by Curtis Weathers —
The sudden and unprecedented shuttering of our nation’s school buildings due to the COVID-19 pandemic forced educators to face the most jarring and rapid change of perhaps any profession in history. Within a moment’s notice, teachers were asked to leave their classrooms indefinitely and, without adequate time and preparation, create an entirely new virtual learning environment for their students.
It was not just the move from the classrooms to the world of virtual learning that was so jarring. This interruption challenged basic norms about instruction, attendance, testing, funding, the role of technology, and, above all, the human connections that hold it all together.
In the blink of an eye, the pandemic turned normalcy on its head and was abruptly and completely upended indefinitely.
Thankfully, after what feels like a lifetime, we are beginning to emerge from the ravages of Covid 19 and are slowly and cautiously returning to some semblance of normalcy. Educators, support staff, and some students are getting vaccinated, and more and more school buildings are once again opening their classroom doors for in-person learning.
But as our education systems navigate these unprecedented challenges, experts argue whether returning to pre-pandemic normalcy is the direction our schools should be headed in.
Many of these experts, however, agree that we are faced with an unprecedented opportunity to reimagine and reshape how we provide high-quality education to our children.
What we did before the pandemic is not the “normal” we should be looking to return to, nor is it the normal our teachers, administrators, students, and parents want either.
For years now, our nation’s education community has pursued technological innovations to improve teaching and learning in the classroom at a snail’s pace. Our academic institutions’ slow tempo of change, with its centuries-old lecture-based approaches to teaching, entrenched institutional biases, and outmoded classrooms, is lamentable.
In light of what we are experiencing with this pandemic, to return to that level of normalcy would be criminal. Normality, or what we remember as normal, should be properly and ceremoniously put to rest.
For educational leaders and innovators, this is a rare opportunity. We cannot just box up all the technology and innovations we have been introduced to and return to chalkboard teaching and learning in our classrooms.
The role of teachers has rapidly evolved, becoming in many ways more difficult and complex than when in-person learning took place before the pandemic. Teachers from kindergarten to college have had to quickly reimagine human connections and interactions to facilitate learning.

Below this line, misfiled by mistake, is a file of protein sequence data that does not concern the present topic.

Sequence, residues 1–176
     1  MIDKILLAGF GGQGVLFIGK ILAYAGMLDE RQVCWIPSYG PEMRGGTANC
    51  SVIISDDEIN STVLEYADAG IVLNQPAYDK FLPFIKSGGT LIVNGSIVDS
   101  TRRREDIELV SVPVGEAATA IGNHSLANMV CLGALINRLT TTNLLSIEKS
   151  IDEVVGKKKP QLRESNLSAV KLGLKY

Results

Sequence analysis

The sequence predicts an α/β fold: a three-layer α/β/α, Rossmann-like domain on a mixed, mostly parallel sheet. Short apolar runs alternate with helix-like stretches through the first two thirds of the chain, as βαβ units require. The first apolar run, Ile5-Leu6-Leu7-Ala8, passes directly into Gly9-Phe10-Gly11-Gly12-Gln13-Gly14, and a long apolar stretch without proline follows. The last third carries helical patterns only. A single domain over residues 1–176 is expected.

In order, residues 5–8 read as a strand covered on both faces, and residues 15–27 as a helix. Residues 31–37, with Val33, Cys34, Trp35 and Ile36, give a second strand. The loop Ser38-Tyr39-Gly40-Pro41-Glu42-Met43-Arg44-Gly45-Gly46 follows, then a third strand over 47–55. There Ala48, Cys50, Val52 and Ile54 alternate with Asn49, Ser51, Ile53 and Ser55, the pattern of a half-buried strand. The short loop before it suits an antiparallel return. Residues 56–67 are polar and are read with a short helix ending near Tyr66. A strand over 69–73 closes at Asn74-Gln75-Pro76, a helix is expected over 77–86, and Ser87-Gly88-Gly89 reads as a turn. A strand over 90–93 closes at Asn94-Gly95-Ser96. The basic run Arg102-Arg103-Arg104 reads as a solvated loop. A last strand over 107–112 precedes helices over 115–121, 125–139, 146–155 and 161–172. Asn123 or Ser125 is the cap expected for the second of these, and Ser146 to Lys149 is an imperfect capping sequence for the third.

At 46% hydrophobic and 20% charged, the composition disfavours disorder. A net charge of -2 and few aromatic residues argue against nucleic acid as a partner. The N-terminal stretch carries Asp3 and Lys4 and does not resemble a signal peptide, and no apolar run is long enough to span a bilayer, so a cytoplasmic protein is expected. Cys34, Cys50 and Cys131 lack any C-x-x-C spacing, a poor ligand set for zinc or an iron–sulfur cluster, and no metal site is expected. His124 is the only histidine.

“Crazy,” “frustrating,” and “exhausting” are words many educators have used to describe teaching during this pandemic. These teachers had to become technology wizards, Zoom screen DJs, cheerleaders, and counselors all at the same time.
No one could have anticipated the stress levels they have had to endure, and nothing in their training prepared them for what has taken place.
But this is a chance to think entirely out of the box going forward. The pandemic has given educational thinkers and planners permission to explore new and exciting ways to deliver high-quality educational services outside traditional norms.
Long-standing assumptions about when, where, and how instruction must occur have shifted in ways that make it impossible to simply return to “normal.”
People’s perception of remote learning has been permanently altered, especially as it relates to regular classroom instruction, professional development, parent conferences, tutoring, and how schools provide various ancillary services.
In order to build back stronger education leaders must apply the technological skills they are learning and integrate them into our normal educational processes.
It is absolutely critical that we empower teachers and invest in the necessary skills development and capacity building to exploit the full potential of virtual and blended learning going forward. We cannot let this opportunity pass without making significant improvements to our current educational infrastructure.
So instead of returning to normal, we should be thoughtfully and purposely designing and creating our “new normal.”
Forward-looking districts are using this moment to develop new and creative possibilities, such as expanding access to services like tutoring, mentoring, counseling, and enrichment.
Some families, left with few options, have charted new paths by forming pods, joining micro-schools, and taking a much more significant role in ensuring that their children have access to adequate instruction and social-emotional support.
While these changes have certainly caused a degree of inconvenience, they have also prompted new examples of educational innovation.
There are examples from around the world of companies, consortiums, and collaboratives of all stripes coming together in innovative ways to bring high-quality creative experiences to children and adults at every level.
This pandemic is showing us how adaptable and resilient educational systems, policymakers, teachers, students, and families can be.
But what excites me the most is knowing that the use of information technology in education is now being accelerated and that virtual learning will be elevated from a “casual” to a “significant” new normal in our educational systems.
So welcome to a whole new world of educational innovation and anxious anticipation of what the “new normal” will look like. I cannot wait to see what will emerge.
Take care, everyone, continue wearing your masks, and stay safe.